William Blackstone (July 10, 1723)

by Peter Mentzel

This month’s featured birthday anniversary is the English jurist and legal scholar Sir William Blackstone. He is best known for his profoundly influential Commentaries on the Laws of England (1769), which greatly influenced political and legal thinkers in both Great Britain and America well into the nineteenth century. Among his many famous dicta was: “It is better that ten guilty persons escape than one innocent suffer.”

Blackstone was born into a middle class family (his father was a textile merchant) in London, the last of four children. His father died before he was born, and his mother passed away when he was twelve, leaving him to be raised by his uncle, Thomas Biggs, a surgeon. He was educated at Charterhouse School and then at Pembroke College, Oxford, studying classics, logic, and mathematics. In 1743 he was elected to membership at All Souls College, Oxford, and by 1746 he had become a barrister. Never very successful, he decided to retire from his legal practice in 1753 and devote himself to lecturing on the law and helping institute some badly needed reforms at Oxford. 

He was a tremendously popular lecturer, and his colleagues and students greatly admired his speaking style, which was simultaneously simple yet elegant. His lectures formed the core of his subsequent books, most famously his Commentaries. Legal scholars at the time and since then have sometimes criticized Blackstone for the inconsistencies and gaps in logic of some of his statements. Yet, it is widely agreed that his work represents one of the first attempts to construct a coherent legal system based on English Common Law. His books remained part of the standard legal training in England until after World War II, and they became extremely influential in the British North American colonies during the Founding Era and especially in the fledgling American republic. The statesmen of the time, particularly Alexander Hamilton, John Jay, and John Adams, were deeply influenced by Blackstone’s meticulous and methodical efforts to systematize a constitutional regime based on English Common Law. On the other hand, they (necessarily) rejected Blackstone’s deep ambivalence about John Locke’s views of revolution and popular sovereignty.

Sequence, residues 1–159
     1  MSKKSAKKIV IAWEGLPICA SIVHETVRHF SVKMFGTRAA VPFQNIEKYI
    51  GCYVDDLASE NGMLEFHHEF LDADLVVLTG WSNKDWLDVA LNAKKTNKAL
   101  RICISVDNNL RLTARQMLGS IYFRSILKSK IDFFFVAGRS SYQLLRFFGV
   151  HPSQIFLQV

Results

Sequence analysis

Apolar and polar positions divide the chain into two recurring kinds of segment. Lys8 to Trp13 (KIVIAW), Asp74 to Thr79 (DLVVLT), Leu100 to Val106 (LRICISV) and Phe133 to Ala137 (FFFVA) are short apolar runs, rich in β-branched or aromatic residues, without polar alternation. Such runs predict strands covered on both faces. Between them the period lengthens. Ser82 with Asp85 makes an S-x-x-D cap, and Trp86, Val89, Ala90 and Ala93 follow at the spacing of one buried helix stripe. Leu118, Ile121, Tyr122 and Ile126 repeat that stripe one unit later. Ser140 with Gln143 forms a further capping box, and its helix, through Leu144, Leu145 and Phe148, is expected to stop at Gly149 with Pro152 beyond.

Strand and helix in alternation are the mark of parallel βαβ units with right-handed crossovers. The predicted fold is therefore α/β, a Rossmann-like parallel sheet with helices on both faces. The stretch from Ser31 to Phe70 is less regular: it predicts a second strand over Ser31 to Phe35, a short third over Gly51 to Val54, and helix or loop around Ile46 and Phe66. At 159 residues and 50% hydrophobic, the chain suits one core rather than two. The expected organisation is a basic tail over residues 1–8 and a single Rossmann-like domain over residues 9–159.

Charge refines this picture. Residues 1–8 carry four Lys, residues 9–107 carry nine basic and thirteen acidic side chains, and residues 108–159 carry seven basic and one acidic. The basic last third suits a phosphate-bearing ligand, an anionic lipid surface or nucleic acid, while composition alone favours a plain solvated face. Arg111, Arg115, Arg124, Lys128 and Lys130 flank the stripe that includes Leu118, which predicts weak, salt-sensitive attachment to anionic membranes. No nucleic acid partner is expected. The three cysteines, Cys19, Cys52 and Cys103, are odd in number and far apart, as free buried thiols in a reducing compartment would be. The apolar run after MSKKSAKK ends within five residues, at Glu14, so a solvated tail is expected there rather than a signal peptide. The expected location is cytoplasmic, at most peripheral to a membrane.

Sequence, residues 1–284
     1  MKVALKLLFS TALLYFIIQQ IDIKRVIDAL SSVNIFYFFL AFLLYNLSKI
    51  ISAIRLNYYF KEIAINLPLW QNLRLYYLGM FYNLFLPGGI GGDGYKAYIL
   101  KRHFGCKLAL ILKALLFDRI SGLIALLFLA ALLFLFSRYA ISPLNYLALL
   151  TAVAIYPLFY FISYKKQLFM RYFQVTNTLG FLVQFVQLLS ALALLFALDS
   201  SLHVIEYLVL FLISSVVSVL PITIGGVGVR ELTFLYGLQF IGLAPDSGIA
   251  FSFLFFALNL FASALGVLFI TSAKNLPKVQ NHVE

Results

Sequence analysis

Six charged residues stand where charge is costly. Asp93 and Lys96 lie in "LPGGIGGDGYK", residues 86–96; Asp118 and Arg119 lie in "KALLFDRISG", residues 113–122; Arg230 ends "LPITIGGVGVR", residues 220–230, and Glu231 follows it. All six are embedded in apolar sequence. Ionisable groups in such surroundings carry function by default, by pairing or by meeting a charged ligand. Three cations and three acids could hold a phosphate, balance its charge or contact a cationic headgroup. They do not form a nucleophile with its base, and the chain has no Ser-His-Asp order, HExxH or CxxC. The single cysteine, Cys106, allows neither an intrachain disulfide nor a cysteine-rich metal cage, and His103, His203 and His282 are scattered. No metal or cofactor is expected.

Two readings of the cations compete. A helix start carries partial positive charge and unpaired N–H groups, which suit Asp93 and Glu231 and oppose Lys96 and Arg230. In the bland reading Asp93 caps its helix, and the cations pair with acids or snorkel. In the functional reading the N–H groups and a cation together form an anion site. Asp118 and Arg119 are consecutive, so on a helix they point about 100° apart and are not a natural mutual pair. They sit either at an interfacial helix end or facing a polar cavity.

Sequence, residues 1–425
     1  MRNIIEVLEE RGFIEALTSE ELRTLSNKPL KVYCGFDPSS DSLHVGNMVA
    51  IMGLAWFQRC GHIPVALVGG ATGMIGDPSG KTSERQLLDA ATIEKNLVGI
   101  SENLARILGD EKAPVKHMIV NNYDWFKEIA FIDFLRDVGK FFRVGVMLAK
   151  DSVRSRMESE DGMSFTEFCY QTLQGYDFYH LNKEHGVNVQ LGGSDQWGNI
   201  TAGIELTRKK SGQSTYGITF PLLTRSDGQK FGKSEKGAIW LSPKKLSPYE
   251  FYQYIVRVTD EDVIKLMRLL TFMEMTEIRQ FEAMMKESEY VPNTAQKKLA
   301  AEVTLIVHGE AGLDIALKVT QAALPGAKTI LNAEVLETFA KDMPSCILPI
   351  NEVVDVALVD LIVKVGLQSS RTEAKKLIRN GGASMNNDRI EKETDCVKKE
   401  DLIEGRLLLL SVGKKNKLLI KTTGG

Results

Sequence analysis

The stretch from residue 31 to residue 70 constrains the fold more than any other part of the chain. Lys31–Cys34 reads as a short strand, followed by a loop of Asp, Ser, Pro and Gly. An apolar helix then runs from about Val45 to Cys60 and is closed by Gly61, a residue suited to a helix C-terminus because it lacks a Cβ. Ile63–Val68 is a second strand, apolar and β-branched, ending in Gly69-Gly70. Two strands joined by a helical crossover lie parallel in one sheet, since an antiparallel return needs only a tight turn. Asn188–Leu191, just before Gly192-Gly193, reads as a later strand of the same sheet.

Another aspect of Blackstone’s work that influenced subsequent developments on both sides of the Atlantic (especially perhaps in the young USA), were his arguments in favor of a free press. Although he argued for the right of the government to prohibit “blasphemous, immoral, treasonable, schismatical, seditious or scandalous libels,” he defended a freedom of the press in general and argued especially against prior restraint of publication. His arguments for press freedom became extremely important in subsequent First Amendment case law in the United States, and as late as 1971 influenced the Supreme Court’s decision in the New York Times Corporation vs. The United States, better known as the “Pentagon Papers Case.”

In 1761 Blackstone was elected as a Tory representative to Parliament, the same year that he married Sarah Clitherow, with whom he would have nine children. In 1770 he was appointed Judge in the Court of Common Pleas, where he served (apparently without any particular distinction) until his death.

A long-time sufferer from gout, in November 1779 he suffered a series of neurological and physical attacks, manifested mainly by dizziness and high blood pressure (perhaps the result of diabetes). His condition continued to deteriorate steadily, and he died on February 14, 1780.